Drawing from that helpful description, my working definition of gratitude is:

The act of recognizing and reflecting on a gift one does not deserve. 

And finally, the root word of gratitude is gratia (Latin) or grace.  The Bible describes grace as the unmerited favor of God towards you and me.

The Practice of Gratitude

Gratitude is to be deliberately practiced and cultivated. 

Within the Harvard Health article there are suggestions for the practice of gratitude.  I recommend you read them.  But within their list is an omission. Who should I be thanking when there is nobody to thank?

I can write my thank you notes to people who have blessed me or simply thank them in person but who do I thank for peace or joy or love? Who do I thank when I am “forest bathing” and the natural environment overwhelms me with its beauty?

I am thankful for the many who have blessed me and to them words of gratitude are owed but there are so many benefits I receive that are not people initiated. Who do I thank for the seasons’ beautiful effects on nature?  Who do I directly thank for warm showers, the fresh beautiful faces of children, the convenience and comfort that my resources afford me, or family and friends that delight me? Unless there is a cosmic personally invested Creator whose thumbprint is behind all the small and great wonders of existence then the thankfulness or gratitude loses its mystery, awe and lifegiving power. I feel more alive when I am thanking God. God is eternal and somehow my thankfulness is linked to eternity and therefore takes on a more powerful life-giving meaning.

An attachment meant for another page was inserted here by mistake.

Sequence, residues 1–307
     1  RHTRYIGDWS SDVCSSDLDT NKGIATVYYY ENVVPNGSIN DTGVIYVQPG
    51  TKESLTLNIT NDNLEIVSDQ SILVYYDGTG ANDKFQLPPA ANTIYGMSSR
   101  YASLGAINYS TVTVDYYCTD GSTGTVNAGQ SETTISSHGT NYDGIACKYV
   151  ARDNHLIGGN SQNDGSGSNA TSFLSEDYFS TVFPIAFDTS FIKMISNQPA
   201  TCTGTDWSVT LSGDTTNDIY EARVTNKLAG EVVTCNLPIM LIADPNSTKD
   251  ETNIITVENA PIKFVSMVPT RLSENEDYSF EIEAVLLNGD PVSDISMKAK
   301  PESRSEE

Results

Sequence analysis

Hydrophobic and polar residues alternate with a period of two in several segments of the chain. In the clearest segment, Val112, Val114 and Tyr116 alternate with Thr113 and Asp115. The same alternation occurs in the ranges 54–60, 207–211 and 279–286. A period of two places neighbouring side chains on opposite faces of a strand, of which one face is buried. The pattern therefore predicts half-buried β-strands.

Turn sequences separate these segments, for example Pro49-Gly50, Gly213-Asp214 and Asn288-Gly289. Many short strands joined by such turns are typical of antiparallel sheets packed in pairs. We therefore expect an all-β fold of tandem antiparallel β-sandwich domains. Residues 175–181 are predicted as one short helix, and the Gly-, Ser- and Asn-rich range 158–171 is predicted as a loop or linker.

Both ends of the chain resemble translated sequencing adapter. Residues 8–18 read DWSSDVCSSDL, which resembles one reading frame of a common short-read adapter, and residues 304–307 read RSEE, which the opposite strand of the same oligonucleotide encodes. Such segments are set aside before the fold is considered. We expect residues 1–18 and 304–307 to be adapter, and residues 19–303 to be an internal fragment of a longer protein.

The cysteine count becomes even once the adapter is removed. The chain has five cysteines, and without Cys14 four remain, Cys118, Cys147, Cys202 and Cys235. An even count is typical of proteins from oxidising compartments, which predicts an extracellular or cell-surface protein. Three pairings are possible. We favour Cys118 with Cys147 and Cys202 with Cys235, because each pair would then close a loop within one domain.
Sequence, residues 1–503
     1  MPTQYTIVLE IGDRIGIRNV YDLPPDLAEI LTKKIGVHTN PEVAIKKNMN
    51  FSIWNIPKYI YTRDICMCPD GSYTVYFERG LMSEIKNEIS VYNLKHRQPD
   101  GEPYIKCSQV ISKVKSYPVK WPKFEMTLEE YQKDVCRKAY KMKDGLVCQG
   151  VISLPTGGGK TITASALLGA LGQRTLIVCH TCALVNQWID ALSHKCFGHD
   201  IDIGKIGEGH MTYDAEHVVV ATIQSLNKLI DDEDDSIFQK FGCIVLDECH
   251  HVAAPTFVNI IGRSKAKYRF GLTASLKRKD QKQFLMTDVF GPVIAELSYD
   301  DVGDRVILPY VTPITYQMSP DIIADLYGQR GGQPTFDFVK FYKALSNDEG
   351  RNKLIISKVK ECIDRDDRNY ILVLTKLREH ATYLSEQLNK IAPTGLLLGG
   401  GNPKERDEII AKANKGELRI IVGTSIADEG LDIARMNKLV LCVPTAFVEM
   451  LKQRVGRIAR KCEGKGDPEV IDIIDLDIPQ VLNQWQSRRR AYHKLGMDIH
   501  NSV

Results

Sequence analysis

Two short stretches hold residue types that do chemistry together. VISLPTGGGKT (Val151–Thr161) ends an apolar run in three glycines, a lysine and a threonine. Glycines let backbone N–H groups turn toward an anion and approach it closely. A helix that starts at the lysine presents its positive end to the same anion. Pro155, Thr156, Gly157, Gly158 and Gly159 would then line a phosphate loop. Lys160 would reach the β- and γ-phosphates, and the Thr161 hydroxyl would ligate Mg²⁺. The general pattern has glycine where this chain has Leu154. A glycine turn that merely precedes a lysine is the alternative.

In everything give thanks; for this is God’s will for you.

1 Thessalonians 5:18

Get out and look at the wonder of creation. Be in awe and praise the cosmic Creator whose penchant for beauty is beyond comparison. Take time to be present to notice what delights you and benefits you and then thank God for his provision of great and small things . It will begin to transform you into a more loving and generous person. It will bring you closer to the Almighty One that loves you and rejoices when you are thanking him for in thanking Him that we begin to paradoxically release our grip on the things of this world and begin to set our affections on transcendent things which in turn blesses everyone.

In conclusion:

Thank you, dear readers and friends who have shown me extraordinary kindness and love in reading my posts, commenting, or reaching out with texts, letters, and calls.